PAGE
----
In the Chicago suburb of Downers Grove, all signs are limited in size and style. These inconsistent and burdensome sign rules are an example of local government grossly overstepping its bounds. Maintaining comely local signage is not a core government service -- it is a way for local officials to impose their tastes and values on the public.
The EPA continued to use its extensive powers under the Clean Air Act and announced a new, tighter regulation on ozone pollution. As one might expect, these rules are being described by some in the new Republican Congress as anti-business, job-killing regulation. They are in fact pro-business and job-creating rules.
Greater goods therefore sometimes trump property rights. Everyone knows this. Nobody really believes in free markets. Why, then, can be wrong with regulating the means that may be used to maximize profit?
It doesn't matter if you wear a suit and tie, if you break the law you will go to prison. Sending that message would make all of us safer. But we haven't been doing that consistently enough in America in recent years.
Every major industry -- from cruise lines to wireless companies -- could now have its way with us, unfettered by "burdensome" state and federal regulation, if the experts are to be believed. Consumers are powerless to stop it.
Frequent-flier programs are rigged to favor airlines, deceive passengers and cost consumers billions of dollars. At least that's the contention of one Florida frequent traveler named Alan Grayson.
Politicians talk about unemployment nonstop. But 'jobs' have become just another talking point, a measure of political job performance, a launching pad to discuss bold new plans for economic development and schemes to use other people's money to prop up big business.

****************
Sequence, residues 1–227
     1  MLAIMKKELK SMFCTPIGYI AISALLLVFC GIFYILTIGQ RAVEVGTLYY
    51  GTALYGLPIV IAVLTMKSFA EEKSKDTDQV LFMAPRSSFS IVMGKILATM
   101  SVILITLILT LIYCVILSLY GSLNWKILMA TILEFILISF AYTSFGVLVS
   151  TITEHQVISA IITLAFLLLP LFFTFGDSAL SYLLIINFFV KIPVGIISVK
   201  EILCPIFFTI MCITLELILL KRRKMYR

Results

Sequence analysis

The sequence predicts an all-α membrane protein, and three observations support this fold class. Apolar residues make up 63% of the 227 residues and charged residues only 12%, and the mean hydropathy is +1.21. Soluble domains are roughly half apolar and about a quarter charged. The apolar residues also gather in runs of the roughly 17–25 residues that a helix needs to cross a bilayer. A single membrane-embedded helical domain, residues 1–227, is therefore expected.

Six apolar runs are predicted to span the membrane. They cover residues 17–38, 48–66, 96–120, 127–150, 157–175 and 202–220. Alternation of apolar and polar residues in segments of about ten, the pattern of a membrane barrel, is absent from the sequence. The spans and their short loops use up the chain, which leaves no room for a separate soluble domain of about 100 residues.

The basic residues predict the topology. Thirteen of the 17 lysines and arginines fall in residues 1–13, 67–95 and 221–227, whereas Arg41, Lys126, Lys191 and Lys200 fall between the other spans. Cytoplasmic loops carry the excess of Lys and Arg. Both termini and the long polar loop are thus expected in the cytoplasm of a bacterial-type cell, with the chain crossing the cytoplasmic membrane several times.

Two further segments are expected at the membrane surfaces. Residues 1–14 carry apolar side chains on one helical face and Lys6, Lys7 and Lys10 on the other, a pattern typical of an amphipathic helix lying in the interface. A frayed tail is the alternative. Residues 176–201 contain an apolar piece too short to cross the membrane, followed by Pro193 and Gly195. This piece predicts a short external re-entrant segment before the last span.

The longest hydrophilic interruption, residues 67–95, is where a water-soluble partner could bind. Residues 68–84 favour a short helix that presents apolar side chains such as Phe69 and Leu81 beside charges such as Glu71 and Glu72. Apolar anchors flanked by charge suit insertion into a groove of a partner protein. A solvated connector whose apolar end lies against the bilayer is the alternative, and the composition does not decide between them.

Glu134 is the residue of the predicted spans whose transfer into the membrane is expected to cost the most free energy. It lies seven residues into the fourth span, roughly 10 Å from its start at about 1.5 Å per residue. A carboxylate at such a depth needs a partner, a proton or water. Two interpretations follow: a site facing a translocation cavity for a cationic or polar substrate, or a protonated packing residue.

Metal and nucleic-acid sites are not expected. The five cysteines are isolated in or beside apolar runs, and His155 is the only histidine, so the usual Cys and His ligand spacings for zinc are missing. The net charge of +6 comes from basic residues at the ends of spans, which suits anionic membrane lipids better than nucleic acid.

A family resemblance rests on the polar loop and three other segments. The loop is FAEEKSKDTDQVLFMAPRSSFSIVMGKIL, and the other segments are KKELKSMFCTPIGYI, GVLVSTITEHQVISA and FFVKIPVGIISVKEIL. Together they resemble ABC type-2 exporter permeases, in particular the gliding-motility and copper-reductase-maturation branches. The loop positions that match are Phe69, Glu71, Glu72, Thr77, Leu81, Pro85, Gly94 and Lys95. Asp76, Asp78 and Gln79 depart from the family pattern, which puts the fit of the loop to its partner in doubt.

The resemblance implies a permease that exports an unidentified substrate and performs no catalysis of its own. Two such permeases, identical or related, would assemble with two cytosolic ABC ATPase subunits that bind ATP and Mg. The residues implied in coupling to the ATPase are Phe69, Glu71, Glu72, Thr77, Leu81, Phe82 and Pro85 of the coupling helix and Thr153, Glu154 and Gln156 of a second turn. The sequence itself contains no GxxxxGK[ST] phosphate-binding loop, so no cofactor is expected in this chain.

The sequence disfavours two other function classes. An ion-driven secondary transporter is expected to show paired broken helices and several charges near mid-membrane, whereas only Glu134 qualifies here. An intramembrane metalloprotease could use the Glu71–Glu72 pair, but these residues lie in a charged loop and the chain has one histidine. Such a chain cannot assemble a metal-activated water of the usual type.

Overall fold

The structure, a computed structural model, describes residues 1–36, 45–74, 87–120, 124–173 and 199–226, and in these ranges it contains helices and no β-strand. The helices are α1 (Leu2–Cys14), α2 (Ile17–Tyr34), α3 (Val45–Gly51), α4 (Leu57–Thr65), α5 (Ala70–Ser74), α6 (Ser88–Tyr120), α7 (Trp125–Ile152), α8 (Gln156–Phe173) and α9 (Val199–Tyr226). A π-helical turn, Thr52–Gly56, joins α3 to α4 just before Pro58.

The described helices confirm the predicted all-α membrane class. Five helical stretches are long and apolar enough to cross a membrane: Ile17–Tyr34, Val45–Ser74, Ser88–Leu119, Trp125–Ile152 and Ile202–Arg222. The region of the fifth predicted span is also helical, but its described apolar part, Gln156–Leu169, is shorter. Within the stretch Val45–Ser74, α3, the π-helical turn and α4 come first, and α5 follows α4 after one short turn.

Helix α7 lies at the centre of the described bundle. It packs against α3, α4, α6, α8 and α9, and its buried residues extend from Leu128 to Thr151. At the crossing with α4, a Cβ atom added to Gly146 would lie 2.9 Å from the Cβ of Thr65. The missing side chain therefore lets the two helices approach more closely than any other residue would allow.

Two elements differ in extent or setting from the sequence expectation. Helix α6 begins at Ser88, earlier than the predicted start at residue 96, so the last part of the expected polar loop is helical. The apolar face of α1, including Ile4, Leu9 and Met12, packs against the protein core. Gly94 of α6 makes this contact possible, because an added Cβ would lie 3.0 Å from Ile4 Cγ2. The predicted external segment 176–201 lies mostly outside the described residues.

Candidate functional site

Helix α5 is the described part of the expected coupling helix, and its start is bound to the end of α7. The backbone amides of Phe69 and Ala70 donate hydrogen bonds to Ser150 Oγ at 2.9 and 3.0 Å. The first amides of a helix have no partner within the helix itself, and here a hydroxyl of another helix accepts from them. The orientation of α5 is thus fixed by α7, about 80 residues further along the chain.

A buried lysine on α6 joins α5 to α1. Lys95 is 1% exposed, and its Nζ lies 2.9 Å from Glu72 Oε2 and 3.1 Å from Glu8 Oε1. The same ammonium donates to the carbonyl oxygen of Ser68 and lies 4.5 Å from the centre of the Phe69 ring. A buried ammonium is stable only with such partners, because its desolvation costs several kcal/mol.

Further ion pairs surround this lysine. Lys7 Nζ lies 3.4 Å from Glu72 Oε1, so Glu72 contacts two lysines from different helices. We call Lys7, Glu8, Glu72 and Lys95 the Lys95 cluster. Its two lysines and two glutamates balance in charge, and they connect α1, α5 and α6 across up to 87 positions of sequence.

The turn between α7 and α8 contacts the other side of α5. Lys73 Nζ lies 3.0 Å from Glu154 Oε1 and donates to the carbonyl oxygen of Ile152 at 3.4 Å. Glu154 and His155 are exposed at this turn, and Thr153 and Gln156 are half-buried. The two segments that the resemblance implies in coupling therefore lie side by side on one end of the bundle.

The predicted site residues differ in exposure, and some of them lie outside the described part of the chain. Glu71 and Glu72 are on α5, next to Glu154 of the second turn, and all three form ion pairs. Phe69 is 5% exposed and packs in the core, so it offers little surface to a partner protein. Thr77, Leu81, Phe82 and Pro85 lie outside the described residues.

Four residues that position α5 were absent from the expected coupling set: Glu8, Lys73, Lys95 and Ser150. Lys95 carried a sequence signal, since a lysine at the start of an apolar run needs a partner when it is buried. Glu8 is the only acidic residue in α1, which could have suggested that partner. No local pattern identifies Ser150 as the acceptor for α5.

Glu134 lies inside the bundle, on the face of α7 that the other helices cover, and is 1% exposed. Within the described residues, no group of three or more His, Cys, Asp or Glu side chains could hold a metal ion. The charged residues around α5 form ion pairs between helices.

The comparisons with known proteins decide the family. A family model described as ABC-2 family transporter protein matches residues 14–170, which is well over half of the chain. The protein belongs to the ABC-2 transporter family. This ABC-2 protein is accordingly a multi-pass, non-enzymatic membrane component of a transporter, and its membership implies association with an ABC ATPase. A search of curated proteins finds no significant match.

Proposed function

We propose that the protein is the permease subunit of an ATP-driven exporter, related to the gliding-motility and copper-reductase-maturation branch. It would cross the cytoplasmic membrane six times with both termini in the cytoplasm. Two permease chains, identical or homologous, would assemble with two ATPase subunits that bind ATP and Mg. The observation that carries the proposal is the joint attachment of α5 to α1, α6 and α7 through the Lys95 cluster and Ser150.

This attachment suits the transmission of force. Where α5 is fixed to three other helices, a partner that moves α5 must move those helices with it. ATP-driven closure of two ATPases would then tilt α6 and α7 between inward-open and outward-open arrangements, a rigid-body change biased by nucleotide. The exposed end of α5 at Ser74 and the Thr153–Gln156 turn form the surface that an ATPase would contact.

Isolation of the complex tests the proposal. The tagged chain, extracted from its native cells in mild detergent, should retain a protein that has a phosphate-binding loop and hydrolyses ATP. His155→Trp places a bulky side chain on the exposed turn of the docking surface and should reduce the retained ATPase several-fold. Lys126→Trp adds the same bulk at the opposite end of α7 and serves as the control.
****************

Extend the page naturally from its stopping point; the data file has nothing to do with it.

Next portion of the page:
Just when I thought cooler heads had prevailed, all hell has broken loose in California's rideshare economy. Regulators gave the thumbs-up to companies like Uber, Lyft and Sidecar with one hand, and then used the other to layer on new rules.
There are good arguments to be made on both sides of the municipal broadband issue, but stopping community projects due to a misguided argument about states' rights isn't one of them.
The Internet is the model of a competitive market particularly because our referees have a narrowly defined and limited role. Let's keep it that way. We enjoy watching the competitors, not the referees.
Increasingly, going into business for yourself or embarking on a new career doesn't just require setting up shop and acquiring the necessary skills for success. It's about paying fees and meeting arbitrary government requirements.
The agency has been at the forefront of critical advances in the field. Improvements can be made, but the agency's record should not be unfairly and inaccurately disparaged.
The Obama Administration's proposed regulation of existing power-sector sources of CO2 has the potential to be cost-effective, and if you accept these numbers, it can also be welfare-enhancing, if not welfare-maximizing.
British Columbia has a law on the books that prohibits the marketing or sale of services for cryonics. The stage is being set for a civil rights clash. Cryonicists say they will challenge the law in court, citing it as a human rights violation that threatens their ultimate transhuman goal of trying to live indefinitely.
If you care about people having access to good, reasonably priced food, and the ability to open and operate a safe, responsible and successful business, the food-truck fight happening across the country should matter to you.
The sharing economy is taking the world by storm -- creating multi-billion dollar companies overnight and inspiring millennial entrepreneurs to squeeze cash out of anything and everything they have lying around the house.